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California State Web Accessibility Laws

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    California is one of the leading advocates of web accessibility in the US, with state laws and public policies which refer directly to the federal law Section 508 of the Rehabilitation Act.

    Section 508 outlines specific accommodations that are required to make electronic communications and information technologies accessible to people with disabilities. The Section 508 refresh adds more clarity to web accessibility rules by making WCAG 2.0 the standard of choice.

    The California Government Code §11135(d) requires that all electronic and information technology created or used by the state must be fully accessible. It acknowledges that:

    There are various types of physical disabilities that impact user interaction on the web. Vision loss, hearing loss, limited manual dexterity, and cognitive disabilities are examples, with each having different means by which to access electronic information effectively. Our goal is to provide a good web experience for all visitors.


    California State University outlines a fairly comprehensive web accessibility policy, with specific enforcement measures to ensure compliance with Section 508. To enforce this, the state uses software to automatically evaluate the accessibility of a website; human due diligence is encouraged in addition.

    The university’s robust FAQ page spells out the benefits and characteristics of an accessible website, including “transcripts or captions for audio, video, and multimedia content.”

    California Community Colleges’ Online Education Initiative offers resources to help state schools make their online documents, videos, and files accessible to students with disabilities.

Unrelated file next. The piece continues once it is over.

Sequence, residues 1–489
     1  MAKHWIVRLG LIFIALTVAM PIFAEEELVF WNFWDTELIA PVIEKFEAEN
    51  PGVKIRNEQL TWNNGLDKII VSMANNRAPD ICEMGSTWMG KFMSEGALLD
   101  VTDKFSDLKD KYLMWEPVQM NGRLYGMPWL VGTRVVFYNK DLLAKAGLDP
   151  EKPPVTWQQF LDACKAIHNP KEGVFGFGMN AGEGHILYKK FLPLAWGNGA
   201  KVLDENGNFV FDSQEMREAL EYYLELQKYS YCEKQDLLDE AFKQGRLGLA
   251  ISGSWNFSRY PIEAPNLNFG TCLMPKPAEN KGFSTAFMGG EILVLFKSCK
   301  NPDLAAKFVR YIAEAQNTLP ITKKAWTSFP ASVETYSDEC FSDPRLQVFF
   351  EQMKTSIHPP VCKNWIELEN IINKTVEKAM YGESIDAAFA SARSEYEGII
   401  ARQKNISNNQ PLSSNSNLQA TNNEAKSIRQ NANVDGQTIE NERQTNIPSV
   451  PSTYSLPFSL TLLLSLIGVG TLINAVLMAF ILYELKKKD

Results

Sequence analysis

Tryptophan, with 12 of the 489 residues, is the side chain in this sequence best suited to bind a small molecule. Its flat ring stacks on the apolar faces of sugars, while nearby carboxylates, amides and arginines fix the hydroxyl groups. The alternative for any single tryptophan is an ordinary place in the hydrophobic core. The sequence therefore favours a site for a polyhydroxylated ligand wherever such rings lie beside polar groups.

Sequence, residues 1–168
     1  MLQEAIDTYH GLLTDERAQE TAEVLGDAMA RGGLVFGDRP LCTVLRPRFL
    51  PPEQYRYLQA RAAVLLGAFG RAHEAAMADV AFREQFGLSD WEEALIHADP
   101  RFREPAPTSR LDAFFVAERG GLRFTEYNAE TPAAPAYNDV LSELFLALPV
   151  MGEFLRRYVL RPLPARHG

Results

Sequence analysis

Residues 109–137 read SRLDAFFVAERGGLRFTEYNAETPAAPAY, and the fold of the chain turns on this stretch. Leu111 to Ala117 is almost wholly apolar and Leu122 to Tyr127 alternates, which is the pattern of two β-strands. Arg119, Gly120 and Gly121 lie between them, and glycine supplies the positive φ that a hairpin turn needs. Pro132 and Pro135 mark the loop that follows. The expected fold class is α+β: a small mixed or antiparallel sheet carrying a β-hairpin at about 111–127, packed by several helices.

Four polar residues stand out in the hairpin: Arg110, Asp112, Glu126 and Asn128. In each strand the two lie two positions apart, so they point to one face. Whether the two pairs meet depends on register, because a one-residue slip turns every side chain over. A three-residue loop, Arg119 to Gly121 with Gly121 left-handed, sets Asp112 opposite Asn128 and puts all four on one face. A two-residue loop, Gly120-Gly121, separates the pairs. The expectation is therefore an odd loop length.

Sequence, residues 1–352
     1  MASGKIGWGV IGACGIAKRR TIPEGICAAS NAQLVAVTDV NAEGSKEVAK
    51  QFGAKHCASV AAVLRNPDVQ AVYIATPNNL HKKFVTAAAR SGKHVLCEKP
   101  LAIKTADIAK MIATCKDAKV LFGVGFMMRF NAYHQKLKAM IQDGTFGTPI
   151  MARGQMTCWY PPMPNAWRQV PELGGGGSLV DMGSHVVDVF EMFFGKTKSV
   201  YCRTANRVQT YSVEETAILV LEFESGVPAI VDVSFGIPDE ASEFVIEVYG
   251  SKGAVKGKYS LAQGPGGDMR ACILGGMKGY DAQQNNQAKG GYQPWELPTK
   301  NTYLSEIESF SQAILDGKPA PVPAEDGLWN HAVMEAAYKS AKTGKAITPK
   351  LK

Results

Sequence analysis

California Government Code §11546.7

    On October 14, 2017 the California government passed California Government Code §11546.7.

    The new law states that by July 1, 2019, state agencies and state entities must ensure their websites comply with “WCAG 2.0 Level AA, or a subsequent version, and Section 508 of the Rehabilitation Act.”

    “Subsequent version” demonstrates that the state is allowing for future adoptions of the standards beyond WCAG 2.0, and therefore state agencies and entities must adapt accordingly.

    In addition, state agencies and state entities must include a certification of compliance with the new law on their home page.

    WCAG 2.0 Level A and Level AA Success Criteria Under Section 508, state government websites  must meet WCAG 2.0 Level A and Level AA success criteria by January 18, 2018. PERCEIVABLE Text alternatives. Time-based media including captions and audio description for live and prerecorded video.Adaptability meaning content can be presented in multiple ways without losing information. Distinguishable including audio control, text resize, minimum contrast, use of color, and images of text. OPERABLE Keyboard accessible Enough time for users to read and use content
 Seizures meaning three flashes or below threshold. Navigable including bypass blocks, page titles, focused order, links with context on purpose, multiple ways to locate web page, headings, labels, visible keyboard focus indicator. UNDERSTANDABLE Readable Predictable meaning focused and consistent appearance and operation of web pages. Input assistance including error identification, labels, instructions, error suggestion, and error prevention. ROBUST Compatible with current and future user agents, including assistive technologies.

    Learn About Other U.S. State Accessibility Laws

    Click on the map below to learn more about captioning and web accessibility laws in other states.


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    This article was originally posted on September 25, 2015 by Emily Griffin and has been updated.


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